Luckily, there are strategies to help charitable donors maintain a tax advantage while continuing to support the good work of the organizations they support. Here are three options to consider today:

  • “Bunch” your gifts to deduct years of gifts in a single calendar year.
    If you have the cash on hand, you can bunch multiple years of gifts into one tax year. If you’re single, your standard deduction is now $12,000. Let’s assume your property taxes are $6,000 and your state income tax is $5,000, equaling $11,000 in deductions. If you then give $1,000 to charity, even though you max out your standard deduction, you receive no tax benefit. However, if you plan to give $1,000 each year for the next five years, opting to give a lump sum of $5,000 in 2018 will result in a taxable deduction of $4,000 beyond the standard deduction. Your charity of choice will benefit from the lump-sum donation, and so will your wallet come tax time next year. The only limit is that you can only deduct cash donations of up to 60% of your Adjusted Gross Income (AGI) in a single year. (And you can still use appreciated securities to fundthe donation.)

     
  • Create your own “charitable foundation” using a Donor Advised Fund.
    If your contributions to a particular charity are large, it may make sense to set up a DAF, or Donor Advised Fund (it’s easy, and yes, we can help!). A DAF allows you to make a lump-sum donation to take advantage of the up-front charitable tax deduction in the current year. But unlike bunching contributions in a single year, the DAF gives you the flexibility to spread your gift out over time. You can even name your children as “successor grantors” for the fund to effectively pass down the assets of the fund tax-free and help support their own gifting in the future. (And you can supercharge the contribution to your DAF by gifting appreciated securities.)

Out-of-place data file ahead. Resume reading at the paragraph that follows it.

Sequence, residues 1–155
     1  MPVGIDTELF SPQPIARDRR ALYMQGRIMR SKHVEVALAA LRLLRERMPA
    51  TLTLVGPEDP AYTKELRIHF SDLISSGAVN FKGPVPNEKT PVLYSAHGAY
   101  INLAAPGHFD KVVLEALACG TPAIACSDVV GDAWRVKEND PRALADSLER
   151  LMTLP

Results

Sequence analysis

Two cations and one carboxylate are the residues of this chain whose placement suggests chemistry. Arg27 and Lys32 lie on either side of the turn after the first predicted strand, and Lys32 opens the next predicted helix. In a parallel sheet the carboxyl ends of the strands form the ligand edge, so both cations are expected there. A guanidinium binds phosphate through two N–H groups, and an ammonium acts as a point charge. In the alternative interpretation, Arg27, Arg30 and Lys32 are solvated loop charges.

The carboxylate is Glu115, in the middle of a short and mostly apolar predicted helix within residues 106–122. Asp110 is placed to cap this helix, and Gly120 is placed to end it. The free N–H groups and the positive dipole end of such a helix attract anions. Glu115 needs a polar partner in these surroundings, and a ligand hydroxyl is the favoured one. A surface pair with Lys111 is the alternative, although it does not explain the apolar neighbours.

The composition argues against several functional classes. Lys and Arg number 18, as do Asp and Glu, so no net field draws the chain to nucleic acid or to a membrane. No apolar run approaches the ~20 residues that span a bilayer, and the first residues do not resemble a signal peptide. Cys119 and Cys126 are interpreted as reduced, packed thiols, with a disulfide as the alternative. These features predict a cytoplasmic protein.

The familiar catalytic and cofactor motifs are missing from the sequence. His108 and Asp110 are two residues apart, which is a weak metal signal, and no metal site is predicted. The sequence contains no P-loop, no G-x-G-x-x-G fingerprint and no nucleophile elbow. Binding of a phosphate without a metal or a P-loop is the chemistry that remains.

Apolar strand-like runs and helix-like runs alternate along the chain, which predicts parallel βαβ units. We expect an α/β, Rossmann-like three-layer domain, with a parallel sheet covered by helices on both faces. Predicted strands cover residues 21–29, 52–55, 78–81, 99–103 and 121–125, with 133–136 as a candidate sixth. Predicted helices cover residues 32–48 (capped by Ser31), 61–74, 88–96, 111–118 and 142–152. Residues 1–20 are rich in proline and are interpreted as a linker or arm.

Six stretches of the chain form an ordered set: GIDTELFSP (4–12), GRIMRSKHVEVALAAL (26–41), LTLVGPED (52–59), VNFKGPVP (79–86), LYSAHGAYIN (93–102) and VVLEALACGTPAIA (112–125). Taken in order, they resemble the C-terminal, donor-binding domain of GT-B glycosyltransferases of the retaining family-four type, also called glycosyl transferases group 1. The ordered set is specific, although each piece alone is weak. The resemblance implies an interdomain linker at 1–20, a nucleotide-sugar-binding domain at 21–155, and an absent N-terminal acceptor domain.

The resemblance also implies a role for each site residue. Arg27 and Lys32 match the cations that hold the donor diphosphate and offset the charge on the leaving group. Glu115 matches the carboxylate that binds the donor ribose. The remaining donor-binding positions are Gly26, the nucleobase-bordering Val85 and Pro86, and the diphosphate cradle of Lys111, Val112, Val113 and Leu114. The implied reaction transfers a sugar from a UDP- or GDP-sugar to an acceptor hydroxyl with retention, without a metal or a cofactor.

• Give via a Qualified Charitable Distribution.
    If you’re over 70½, a Qualified Charitable Distribution (QCD) allows you to give to your charity of choice with pre-tax money, while also reducing your taxable income. It is a method of giving that saves you taxes twice. For example, let’s say you have an IRA with Charles Schwab and your RMD (Required Minimum Distribution) from your IRA is $20,000. Using a QCD to make your annual $1,000 pledge, Charles Schwab writes two checks: one for $1,000 that goes directly to your charity for it to use tax-free, and another for $19,000 that goes directly to you as taxable income. The QCD amount (up to $100,000 annually to any qualified charity) is excluded from your adjusted gross income, and you benefit from a full $12,000 standard deduction. It’s a great way to optimize tax savings compared to using a typical after-tax IRA distribution. You can use a QCD to give up to $100,000 annually—even if that amount exceeds your RMD. Note: you can’t request a QCD until you hit that magic age of 70½. It’s one of the perks that comes with age!

One last note: If charitable giving is part of your legacy planning, donating assets from your IRA is often a smart option—the charity can use the gift tax-free, and your heirs won’t pay a dime in taxes on your gift.

In the face of the new tax laws, careful, multi-year planning is more important than ever. That’s especially true when giving to charity. But by making ‘doing good’ an intentional piece of your overall financial plan, you can use tax law to your advantage to make every dollar count and, most importantly, continue to support the charitable organizations that are making a real and positive difference in our world today.

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All written content on this site is for information purposes only. Opinions expressed herein are solely those of Lauren S. Klein, President, Klein Financial Advisors, Inc. Material presented is believed to be from reliable sources and we make no representations as to its accuracy or completeness. Read More >